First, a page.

This volume contains "A Study in Scarlet" through "The Hound of the Baskervilles." I actually preferred the shorter stories in between (except for "The Final Problem"); the longer ones just seemed to drag. It took me two weeks, TWO WEEKS to read "The Hound of the Baskervilles," which is only 120 pages long.

On the whole, though, I have enjoyed the stories. I can imagine how much work it must have been to come up with so many different scenarios and solutions, and why Doyle hoped to escape it by killing off Sherlock. I'm curious to see if the stories in the second volume are of the same quality. And I'm looking forward to the movie despite whatever inaccuracies there are sure to be.

Title: The Complete Sherlock Holmes, volume 1
Author: Sir Arthur Conan Doyle
Pages: 695



9 / 24 books. 38% done!
janetlin: (Books)
When I came back from my inadvertent hiatus I mentioned I'd been doing a lot of reading, but I won't spam you all with individual reviews, so here are some minis.

Spinning Straw Into Gold: What Fairy Tales Reveal About the Transformations in a Woman's Life, by Joan Gould. This was fascinating reading that shed light on why the same themes and archetypes keep popping up in fairy tales and mythologies from all over the world. What especially resonated with me was the Good Mother/Bad Mother thing (you know how the natural mother always dies in childbirth or soon thereafter and almost every fairy tale heroine is raised by an "evil stepmother"): how the Bad Mother serves a necessary purpose in pushing the heroine/princess out of her comfort zone which forces the girl to grow up. I am the child of a Good Mother, and until recently I never really thought that was a bad thing, but I can see where an "evil stepmother" might have done me some good while growing up.

World of Warcraft: Arthas: Rise of the Lich King by Christie Golden. Yes, seriously. I bought this to satisfy my curiosity until I could get the update for WoW. Apparently this backstory is pretty much what happened in Warcraft III, which I never played, so maybe it's not as new to others as it was to me, but it was very fun, classic tragedy about the fall of Prince Arthas, once a Paladin of the Light and now the Lich King, leader of the undead Scourge which are causing so much trouble for dear old Azeroth. One actually kind of sympathizes with him, and why he made the choices he did. Poor guy, only trying to save his people (why hello there, Boromir).

Fortune's Fool by Mercedes Lackey. Boy, I was really on a fantasy/fairy tale kick there, wasn't I? This one was primarily to see what all the fuss was about Lackey; probably not an author I ever need to read again, maybe some day if I need something fluffy and don't mind the near-purple prose. The book takes place in a land where fairy tales are real, and the people play by their "rules," conforming to archetypes like the Fortunate Fool, and falling victim to curses that have to be broken in particular ways. Rusalkas and unicorns and mermaids, oh my!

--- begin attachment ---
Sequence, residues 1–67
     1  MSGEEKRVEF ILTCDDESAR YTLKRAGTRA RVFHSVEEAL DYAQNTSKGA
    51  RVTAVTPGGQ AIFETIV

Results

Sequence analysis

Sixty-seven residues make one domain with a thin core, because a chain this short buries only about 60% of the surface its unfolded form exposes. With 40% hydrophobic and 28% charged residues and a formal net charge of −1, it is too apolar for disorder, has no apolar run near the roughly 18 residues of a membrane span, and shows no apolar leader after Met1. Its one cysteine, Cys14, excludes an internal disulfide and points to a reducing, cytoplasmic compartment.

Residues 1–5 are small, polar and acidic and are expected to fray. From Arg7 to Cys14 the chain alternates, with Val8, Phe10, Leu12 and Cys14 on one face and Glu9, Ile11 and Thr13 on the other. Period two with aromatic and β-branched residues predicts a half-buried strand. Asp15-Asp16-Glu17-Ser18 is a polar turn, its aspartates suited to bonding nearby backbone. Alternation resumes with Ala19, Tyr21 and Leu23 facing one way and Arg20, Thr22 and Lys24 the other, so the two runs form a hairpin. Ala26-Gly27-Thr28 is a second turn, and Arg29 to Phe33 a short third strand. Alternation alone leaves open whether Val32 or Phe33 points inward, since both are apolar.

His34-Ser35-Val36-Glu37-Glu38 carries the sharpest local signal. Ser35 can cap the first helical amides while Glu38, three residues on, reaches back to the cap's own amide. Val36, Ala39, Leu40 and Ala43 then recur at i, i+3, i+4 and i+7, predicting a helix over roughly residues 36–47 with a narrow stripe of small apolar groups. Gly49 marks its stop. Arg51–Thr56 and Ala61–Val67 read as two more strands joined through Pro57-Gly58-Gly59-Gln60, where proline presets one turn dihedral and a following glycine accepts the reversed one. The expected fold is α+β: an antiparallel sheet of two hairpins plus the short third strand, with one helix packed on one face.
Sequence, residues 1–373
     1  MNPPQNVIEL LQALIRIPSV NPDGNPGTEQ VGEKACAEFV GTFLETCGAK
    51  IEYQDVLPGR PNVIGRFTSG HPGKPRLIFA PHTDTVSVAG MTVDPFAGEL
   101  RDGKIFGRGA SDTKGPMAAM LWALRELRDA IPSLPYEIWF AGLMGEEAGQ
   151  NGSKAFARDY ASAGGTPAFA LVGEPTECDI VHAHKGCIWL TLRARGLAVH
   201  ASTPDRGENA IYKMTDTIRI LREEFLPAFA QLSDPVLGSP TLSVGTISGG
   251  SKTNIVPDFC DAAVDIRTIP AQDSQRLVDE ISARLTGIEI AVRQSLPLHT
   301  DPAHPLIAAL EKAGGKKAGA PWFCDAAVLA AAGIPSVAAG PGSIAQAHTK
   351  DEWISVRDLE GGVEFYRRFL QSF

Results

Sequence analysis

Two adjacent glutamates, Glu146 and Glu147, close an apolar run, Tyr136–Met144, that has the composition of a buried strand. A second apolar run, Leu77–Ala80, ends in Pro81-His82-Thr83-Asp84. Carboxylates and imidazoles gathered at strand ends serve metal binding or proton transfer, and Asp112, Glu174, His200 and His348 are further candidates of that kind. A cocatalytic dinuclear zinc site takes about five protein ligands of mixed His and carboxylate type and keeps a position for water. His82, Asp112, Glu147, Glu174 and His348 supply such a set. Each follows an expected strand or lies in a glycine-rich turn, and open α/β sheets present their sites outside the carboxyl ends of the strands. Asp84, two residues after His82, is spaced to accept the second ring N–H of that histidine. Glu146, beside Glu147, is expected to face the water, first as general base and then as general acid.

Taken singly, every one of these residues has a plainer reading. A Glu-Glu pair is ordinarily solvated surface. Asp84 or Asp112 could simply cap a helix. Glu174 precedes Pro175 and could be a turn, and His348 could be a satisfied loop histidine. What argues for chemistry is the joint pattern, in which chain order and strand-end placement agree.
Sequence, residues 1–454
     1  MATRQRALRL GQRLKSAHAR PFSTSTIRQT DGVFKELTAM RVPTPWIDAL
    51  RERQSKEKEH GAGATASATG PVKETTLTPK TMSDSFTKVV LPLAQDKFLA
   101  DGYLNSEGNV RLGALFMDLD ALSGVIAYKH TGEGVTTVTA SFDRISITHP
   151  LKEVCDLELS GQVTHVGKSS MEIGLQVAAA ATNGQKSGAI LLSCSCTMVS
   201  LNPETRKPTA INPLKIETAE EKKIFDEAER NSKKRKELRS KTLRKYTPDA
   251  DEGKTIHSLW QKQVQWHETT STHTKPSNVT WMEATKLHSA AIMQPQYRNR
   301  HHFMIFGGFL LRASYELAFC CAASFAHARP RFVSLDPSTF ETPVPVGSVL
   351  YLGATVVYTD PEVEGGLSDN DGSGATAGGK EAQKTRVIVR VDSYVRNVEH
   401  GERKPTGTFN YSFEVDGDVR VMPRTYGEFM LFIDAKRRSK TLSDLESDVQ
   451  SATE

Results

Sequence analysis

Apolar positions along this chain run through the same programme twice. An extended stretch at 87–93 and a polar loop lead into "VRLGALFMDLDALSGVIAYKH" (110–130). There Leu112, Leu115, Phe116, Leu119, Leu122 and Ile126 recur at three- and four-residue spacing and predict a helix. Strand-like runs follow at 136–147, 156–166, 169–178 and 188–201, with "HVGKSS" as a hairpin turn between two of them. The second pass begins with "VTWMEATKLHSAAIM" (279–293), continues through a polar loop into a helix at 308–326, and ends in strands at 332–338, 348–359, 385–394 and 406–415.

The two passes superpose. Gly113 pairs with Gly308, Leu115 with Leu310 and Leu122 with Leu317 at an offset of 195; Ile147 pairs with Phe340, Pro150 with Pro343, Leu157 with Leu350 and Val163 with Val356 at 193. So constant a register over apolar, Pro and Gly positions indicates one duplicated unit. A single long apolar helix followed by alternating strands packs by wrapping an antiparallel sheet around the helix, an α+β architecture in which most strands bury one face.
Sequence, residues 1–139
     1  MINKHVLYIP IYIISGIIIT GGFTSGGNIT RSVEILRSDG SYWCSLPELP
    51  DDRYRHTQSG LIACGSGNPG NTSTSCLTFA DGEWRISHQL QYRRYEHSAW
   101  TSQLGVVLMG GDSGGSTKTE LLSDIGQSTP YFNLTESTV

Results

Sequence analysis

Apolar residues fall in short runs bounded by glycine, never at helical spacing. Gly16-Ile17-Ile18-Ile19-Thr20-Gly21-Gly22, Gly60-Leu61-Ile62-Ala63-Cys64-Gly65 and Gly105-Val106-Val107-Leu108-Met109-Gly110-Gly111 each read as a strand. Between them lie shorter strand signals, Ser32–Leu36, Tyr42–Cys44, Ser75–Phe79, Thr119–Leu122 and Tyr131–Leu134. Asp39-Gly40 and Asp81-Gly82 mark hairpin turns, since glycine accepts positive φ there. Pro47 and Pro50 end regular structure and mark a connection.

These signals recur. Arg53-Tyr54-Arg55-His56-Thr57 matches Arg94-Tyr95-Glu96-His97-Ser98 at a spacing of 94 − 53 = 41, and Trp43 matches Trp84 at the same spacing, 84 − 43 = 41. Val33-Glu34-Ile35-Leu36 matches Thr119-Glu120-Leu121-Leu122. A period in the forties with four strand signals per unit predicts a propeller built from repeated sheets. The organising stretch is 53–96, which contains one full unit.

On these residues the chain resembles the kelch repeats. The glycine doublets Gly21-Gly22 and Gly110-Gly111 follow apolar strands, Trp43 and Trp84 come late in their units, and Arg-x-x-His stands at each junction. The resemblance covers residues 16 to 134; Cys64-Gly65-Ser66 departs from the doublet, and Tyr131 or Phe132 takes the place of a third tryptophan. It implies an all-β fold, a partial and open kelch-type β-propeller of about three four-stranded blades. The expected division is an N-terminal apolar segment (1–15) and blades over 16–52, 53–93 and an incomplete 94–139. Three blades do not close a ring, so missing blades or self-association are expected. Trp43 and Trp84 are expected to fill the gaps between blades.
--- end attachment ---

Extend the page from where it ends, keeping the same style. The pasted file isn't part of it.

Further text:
The Five Love Languages: How to Express Heartfelt Commitment to Your Mate by Gary Chapman. Something not related to fairy tales, but might help one towards a happily-ever-after nonetheless. We all speak different love languages - that is, perceive and express love in different ways. Some people are huggers, hand-holders, and knee-patters, others give gifts, or offer words of praise and admiration, or find ways to help or things to do for their loved ones. And others prefer simple quality time. Chances are, you and your partner do not speak the same love language, and if you do, it might not be the same "dialect" (Alan's version of quality time is doing something engaging like roleplaying or conversation, while mine is more passive like watching a movie or just sitting in the same room and reading). Understanding each of your languages can help you relate to each other, and give your partner what he/she wants and needs but might not know how to express: it's hard to tell someone who just brought you flowers (Gifts) that you'd prefer if they washed the dishes or took out the garbage instead (Acts of Service), or vice versa.



8 / 24 books. 33% done!
janetlin: (Books)
When I came back from my inadvertent hiatus I mentioned I'd been doing a lot of reading, but I won't spam you all with individual reviews, so here are some minis.

Spinning Straw Into Gold: What Fairy Tales Reveal About the Transformations in a Woman's Life, by Joan Gould. This was fascinating reading that shed light on why the same themes and archetypes keep popping up in fairy tales and mythologies from all over the world. What especially resonated with me was the Good Mother/Bad Mother thing (you know how the natural mother always dies in childbirth or soon thereafter and almost every fairy tale heroine is raised by an "evil stepmother"): how the Bad Mother serves a necessary purpose in pushing the heroine/princess out of her comfort zone which forces the girl to grow up. I am the child of a Good Mother, and until recently I never really thought that was a bad thing, but I can see where an "evil stepmother" might have done me some good while growing up.